The American public turned hard and nasty against a possible war in Syria and the people who were already gearing up for profit there were chased out of the restaurant before they could go back for a fourth helping of golden egg drop soup. We must now consider where they plan their next meal. Snowden and Bradley, traitors they might both be, have taught us all valuable lessons as to who the government is watching and how we are being watched.

If you think the next war cannot happen here you aren’t paying attention to their target audience.

Take Care,
Mike

 

Mike writes regularly at his site:  The Hickory Head Hermit

Opinions expressed in this article are not necessarily those of the management of this site.

 

27 comments to Friday Firesmith – Of Chopsticks and Missiles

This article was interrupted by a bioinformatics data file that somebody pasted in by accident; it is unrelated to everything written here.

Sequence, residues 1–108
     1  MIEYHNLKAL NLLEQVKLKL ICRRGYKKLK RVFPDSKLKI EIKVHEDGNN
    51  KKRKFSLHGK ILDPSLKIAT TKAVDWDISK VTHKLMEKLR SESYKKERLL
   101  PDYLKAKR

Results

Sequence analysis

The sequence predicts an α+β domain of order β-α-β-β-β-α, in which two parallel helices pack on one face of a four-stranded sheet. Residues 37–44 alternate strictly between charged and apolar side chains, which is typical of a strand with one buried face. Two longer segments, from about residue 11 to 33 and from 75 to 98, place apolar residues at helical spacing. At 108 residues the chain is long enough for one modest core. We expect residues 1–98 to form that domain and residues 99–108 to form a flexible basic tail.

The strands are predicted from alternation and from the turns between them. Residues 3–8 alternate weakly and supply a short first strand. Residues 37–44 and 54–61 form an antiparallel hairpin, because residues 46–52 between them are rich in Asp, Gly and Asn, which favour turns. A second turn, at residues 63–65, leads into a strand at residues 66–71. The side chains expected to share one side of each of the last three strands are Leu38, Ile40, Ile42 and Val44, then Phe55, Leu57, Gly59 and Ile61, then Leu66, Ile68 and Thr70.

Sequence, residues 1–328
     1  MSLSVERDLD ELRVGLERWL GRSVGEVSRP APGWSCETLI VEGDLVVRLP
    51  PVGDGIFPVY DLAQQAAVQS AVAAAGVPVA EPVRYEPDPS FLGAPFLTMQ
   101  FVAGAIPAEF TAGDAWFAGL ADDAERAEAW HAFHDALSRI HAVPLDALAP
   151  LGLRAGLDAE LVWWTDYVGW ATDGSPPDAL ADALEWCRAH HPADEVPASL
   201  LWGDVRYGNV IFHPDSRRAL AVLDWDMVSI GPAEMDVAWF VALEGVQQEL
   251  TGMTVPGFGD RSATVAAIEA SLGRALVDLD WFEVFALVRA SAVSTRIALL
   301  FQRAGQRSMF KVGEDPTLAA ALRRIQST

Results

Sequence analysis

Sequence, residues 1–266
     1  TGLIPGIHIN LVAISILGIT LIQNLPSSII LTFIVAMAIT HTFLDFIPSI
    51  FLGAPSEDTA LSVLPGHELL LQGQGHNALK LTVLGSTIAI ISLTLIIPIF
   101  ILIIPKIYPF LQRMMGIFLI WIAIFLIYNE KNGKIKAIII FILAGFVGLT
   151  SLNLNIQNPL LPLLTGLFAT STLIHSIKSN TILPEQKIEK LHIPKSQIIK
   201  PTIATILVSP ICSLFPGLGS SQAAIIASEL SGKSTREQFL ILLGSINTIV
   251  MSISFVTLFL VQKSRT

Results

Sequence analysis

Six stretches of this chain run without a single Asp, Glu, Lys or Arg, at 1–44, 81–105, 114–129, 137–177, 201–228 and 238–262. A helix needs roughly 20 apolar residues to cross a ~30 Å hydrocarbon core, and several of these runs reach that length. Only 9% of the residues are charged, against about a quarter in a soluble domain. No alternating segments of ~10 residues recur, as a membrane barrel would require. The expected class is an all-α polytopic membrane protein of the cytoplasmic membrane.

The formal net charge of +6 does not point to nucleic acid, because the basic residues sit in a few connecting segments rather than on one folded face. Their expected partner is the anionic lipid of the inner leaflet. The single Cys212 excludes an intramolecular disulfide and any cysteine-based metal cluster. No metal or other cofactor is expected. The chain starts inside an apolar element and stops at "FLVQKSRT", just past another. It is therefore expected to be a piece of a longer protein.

• ray

    Eisenhower warned of the industrial military complex. Kennedy had many embittered battles with military advisors who kept advocating war. The recent Syria issue gave hard ons to those in military manufacturing and the media–two businesses that find war so profitable.

    Those that understand the thinking that went into the Constitution should realize that our Founders had a reason for military funding be a Congressional responsibility every two years. They had a reason for not wanting a standing army. After all, their previous overlords maintained their empire by having an army at all times and they witnessed how that works and wanted their new country to not have any of that.

    Addressing the first concern of appropriations, the Founders most likely hoped that enough members of Congress would want to avoid constant wars and not fund an army for war on a steady basis. That worked for a while but in a society where money is more important than the lives of other humans, capitalism managed to dissolve the Founder’s wish of not having a standing army (except for a navy).

    We have districts that have either a military base or a manufacturing plant for military bases that bring money to said district thus making it difficult for representatives to nix military spending.